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DynamoDB SLA - Everything You Need To Know

Lahiru Lakshan Hewawasam

Written by Lahiru Lakshan Hewawasam

Published on 2022-03-10

Introduction

The SLA (Service Level Agreement) between Amazon DynamoDB and the customer applies to each account that uses the DynamoDB services. If there is a conflict between the terms of the AWS customer or other agreement governing the use of the DynamoDB services provided by AWS, the terms and conditions mentioned within the DynamoDB Service Level Agreement will apply (but only to the extent of a conflict).

This article will cover the information needed for you to understand the terms and conditions mentioned within the AWS DynamoDB Service Level Agreement and how these terms will affect your service usage.

Service Commitment

AWS states within their SLA that they will ensure DynamoDB will be operational by using reasonable efforts within a Monthly Uptime Percentage for each AWS region. The monthly uptime guaranteed within the Global Tables SLA is at least 99.999% (effectively a 5 minute downtime time within a year) or within the Standard SLA is at least 99.99% (virtually a 52-minute downtime within a year).

Service Credits

If DynamoDB does not meet these service commitments, you will receive a Service Credit.

Service Credits calculations take place as a percentage of your charges for DynamoDB as the monthly billing cycle.

The Monthly Uptime Percentage for any given AWS region goes below the ranges mentioned in the table below.

However, if the Standard SLA applies, the service credits calculated would include the total charges paid for DynamoDB in the applicable AWS region. If the Global Table SLA applies, the service credits calculated would consist of the total charges paid for DynamoDB for the AWS region plus the charges applicable for Global Tables produced for corresponding replica tables in other AWS regions:

DynamoDB SLA

Latency

Developers can typically expect a single-digit millisecond latency; however, the latency can range between 10-20 milliseconds. Notably, strongly consistent reads will generally have a higher latency than eventually consistent reads. You would need to consider adding an add-on transparent caching layer such as the DynamoDB Accelerator (DAX) if the application you are building is a large-scale application requiring a latency of less than one millisecond. These additional services to improve latency add cost and possibly hinder data consistency and developer agility since the application would now have to deal with the additional complexity of populating the cache and keeping the cache consistent with the database.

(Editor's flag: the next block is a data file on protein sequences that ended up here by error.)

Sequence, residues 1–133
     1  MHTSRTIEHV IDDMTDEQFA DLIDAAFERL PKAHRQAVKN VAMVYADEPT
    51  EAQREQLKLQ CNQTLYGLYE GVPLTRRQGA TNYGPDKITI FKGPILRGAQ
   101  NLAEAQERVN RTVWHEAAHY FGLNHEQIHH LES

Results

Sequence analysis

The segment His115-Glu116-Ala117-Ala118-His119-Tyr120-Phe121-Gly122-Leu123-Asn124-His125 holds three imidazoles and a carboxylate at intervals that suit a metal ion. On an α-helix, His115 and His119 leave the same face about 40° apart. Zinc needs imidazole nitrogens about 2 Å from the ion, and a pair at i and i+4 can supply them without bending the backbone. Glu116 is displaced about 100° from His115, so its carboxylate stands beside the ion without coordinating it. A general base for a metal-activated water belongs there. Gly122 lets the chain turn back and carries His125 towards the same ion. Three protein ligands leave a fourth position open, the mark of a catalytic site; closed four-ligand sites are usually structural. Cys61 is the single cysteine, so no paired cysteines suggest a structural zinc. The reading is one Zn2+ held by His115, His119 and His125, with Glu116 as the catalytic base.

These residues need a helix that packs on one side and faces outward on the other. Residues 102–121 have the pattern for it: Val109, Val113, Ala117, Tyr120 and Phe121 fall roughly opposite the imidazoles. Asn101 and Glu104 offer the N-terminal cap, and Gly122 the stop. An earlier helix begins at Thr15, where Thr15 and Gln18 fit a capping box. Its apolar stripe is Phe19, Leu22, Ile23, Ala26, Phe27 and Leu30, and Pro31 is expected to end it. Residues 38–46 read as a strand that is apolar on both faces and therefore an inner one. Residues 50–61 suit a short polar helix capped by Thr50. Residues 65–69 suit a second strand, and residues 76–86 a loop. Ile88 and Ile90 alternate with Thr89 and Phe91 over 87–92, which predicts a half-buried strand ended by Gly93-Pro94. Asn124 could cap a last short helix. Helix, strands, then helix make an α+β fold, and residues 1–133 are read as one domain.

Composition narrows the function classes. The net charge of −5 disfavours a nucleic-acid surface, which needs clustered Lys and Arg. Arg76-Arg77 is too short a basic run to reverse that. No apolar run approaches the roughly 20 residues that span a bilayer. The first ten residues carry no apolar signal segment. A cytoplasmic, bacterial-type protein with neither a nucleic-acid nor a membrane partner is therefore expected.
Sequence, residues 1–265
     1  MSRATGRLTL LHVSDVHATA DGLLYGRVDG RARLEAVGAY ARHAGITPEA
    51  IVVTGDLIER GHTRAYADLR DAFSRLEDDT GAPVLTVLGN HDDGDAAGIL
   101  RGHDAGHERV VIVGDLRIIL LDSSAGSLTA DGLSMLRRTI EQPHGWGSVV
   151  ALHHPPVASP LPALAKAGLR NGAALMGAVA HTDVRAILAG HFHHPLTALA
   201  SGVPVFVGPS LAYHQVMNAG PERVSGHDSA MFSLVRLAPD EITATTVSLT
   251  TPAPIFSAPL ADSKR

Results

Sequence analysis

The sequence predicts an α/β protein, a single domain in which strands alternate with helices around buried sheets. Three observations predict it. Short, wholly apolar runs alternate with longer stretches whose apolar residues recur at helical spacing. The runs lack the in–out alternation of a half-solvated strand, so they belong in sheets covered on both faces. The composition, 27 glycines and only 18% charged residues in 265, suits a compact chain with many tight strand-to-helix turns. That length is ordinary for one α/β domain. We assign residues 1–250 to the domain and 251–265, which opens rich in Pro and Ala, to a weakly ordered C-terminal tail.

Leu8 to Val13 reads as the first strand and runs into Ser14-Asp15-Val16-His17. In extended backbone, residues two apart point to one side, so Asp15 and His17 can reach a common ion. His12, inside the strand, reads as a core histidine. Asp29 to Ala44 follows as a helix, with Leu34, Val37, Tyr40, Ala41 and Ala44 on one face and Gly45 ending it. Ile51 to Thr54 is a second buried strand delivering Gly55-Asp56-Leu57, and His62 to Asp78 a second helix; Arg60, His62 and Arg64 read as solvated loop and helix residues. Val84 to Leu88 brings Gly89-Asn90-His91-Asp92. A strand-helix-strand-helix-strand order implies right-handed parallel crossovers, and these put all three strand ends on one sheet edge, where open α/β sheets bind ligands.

DynamoDB Queries and Streams have the usual low latency that we've come to expect from AWS. However, there may be some rare delays when retrieving data via a query or waiting for a lambda to trigger based on a streams event; this may be due to a significant load on the AWS infrastructure.

DynamoDB recommends that no more than two processes read from a stream shard simultaneously; this will directly impact the performance of your application.

Eventual Consistency

AWS provides the DynamoDB service across multiple AWS regions worldwide, each region being independent and isolated from other AWS regions. You can refer to the complete list of AWS regions in which DynamoDB is available.

Every AWS region consists of multiple distinct geolocations known as Availability Zones. Each Availability Zone operates independently of other Availability Zones and provides inexpensive, low-latency network connectivity to different Availability Zones in the same region. In addition, it allows rapid replication of your data among multiple Availability Zones in a Region.

The write completes when data is written to a DynamoDB Table and receives an HTTP 200 response. Usually, it takes one second or less until the data is eventually consistent across all storage locations.